Mentally ill Ferndale man sentenced for stabbing dad, holding mom at knifepoint

THE BELLINGHAM HERALDOctober 25, 2013 

FERNDALE - A mentally ill Ferndale man pleaded guilty this week to reduced charges for attacking his mother and father with a knife.

Joseph Michael Delgado, 25, faces three years and four months in prison for two counts of second-degree assault with a deadly weapon and one count of unlawful imprisonment.

Last March, prosecutors accused him of attempted murder because he "showed premeditation for longer than a moment in time" before he stabbed his 53-year-old father at their home on Nicholas Road, according to charges filed in Whatcom County Superior Court.

On the evening of March 11, Delgado was acting odd. An investigation later showed he was having paranoid delusions. His mother confronted him, and he pushed her onto a couch, punched her face and took her hostage at knifepoint, according to the charges. He told her he would kill her, but he wanted to kill his father first.

Twenty minutes later, his father came home from work. As he unlocked the front door, Delgado swung it open from inside. The father backed off and tried to reason with his son, but Delgado stabbed him below the bellybutton with a 4-inch blade. They fought in the front yard until Delgado ran off.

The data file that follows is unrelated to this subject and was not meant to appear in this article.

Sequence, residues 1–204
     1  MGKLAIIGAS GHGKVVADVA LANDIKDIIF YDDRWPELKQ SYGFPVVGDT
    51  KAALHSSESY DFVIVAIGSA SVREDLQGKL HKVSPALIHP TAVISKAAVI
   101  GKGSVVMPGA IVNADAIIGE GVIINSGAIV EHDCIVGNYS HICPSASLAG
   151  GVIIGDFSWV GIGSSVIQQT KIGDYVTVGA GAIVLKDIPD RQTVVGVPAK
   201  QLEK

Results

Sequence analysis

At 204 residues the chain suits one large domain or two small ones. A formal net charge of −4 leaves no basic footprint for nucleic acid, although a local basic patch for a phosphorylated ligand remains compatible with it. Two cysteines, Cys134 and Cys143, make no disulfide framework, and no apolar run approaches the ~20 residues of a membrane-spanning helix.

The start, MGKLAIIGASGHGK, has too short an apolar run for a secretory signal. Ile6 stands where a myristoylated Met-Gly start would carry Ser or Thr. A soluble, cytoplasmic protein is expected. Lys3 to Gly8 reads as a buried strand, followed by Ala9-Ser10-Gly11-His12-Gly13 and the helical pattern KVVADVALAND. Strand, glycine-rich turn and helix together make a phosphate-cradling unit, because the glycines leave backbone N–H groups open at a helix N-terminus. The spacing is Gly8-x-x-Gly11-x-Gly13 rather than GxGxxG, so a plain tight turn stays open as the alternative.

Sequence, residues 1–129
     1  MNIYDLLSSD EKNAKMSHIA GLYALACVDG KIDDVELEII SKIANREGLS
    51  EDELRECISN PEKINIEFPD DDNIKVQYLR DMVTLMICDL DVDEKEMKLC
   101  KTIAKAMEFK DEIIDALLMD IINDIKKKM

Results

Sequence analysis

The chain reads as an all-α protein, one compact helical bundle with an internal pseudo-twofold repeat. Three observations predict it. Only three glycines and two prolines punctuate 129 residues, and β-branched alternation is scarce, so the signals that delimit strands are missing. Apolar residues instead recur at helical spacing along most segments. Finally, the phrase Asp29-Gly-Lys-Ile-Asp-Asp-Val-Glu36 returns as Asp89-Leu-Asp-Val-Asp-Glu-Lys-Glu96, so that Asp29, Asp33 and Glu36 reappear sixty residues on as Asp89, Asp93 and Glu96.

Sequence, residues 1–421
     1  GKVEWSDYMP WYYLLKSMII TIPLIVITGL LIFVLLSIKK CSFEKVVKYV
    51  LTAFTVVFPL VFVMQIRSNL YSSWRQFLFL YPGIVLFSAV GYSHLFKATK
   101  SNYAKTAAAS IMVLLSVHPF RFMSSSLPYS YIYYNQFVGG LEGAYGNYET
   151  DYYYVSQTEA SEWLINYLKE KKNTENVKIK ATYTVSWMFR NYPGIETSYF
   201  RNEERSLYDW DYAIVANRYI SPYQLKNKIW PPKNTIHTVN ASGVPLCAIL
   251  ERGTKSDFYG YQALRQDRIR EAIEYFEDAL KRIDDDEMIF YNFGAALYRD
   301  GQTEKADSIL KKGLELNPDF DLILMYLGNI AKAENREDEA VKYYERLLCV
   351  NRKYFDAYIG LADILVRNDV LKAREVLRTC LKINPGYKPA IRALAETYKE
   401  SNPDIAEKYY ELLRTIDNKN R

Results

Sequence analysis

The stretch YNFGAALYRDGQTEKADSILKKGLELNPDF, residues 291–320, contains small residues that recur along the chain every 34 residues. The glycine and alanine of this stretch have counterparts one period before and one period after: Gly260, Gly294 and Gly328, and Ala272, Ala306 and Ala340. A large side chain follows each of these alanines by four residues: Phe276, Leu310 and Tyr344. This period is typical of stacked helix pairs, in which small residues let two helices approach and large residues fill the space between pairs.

He hid in some brush in the 2500 block of Thornton Street, a half-mile away. A police dog tracked him down. On the way, officers found a knife with a 4-inch blade wrapped in a bloody sheet.

Delgado's public defender, Angela Anderson, said her client had known for some time that "something was not quite right" with his mind. He tried to get help from Veterans Affairs but they turned him away, she said, and St. Joseph hospital wouldn't detain him because his symptoms weren't serious enough.

Delgado had no felonies on his record. He must cover about $23,000 in medical bills to mend his father's stab wound. His parents were granted a request allowing them to contact their son while he's in prison. They asked for a light sentence, said Chief Criminal Deputy Prosecutor Eric Richey.

Both attorneys and Superior Court Judge Deborra Garrett agreed that Delgado wasn't in his right mind the evening of the stabbing.

"This wasn't something you calculated in a cold-blooded way," Garrett told Delgado. "It was much more complex than that."

Reach Caleb Hutton at caleb.hutton@bellinghamherald.com or 360-715-2276. Read his Dispatcher blog at bellinghamherald.com/dispatcher-blog or get updates on Twitter at @bhamcrime.

Bellingham Herald is pleased to provide this opportunity to share information, experiences and observations about what's in the news. Some of the comments may be reprinted elsewhere in the site or in the newspaper. We encourage lively, open debate on the issues of the day, and ask that you refrain from profanity, hate speech, personal comments and remarks that are off point. Thank you for taking the time to offer your thoughts.

Commenting FAQs | Terms of Service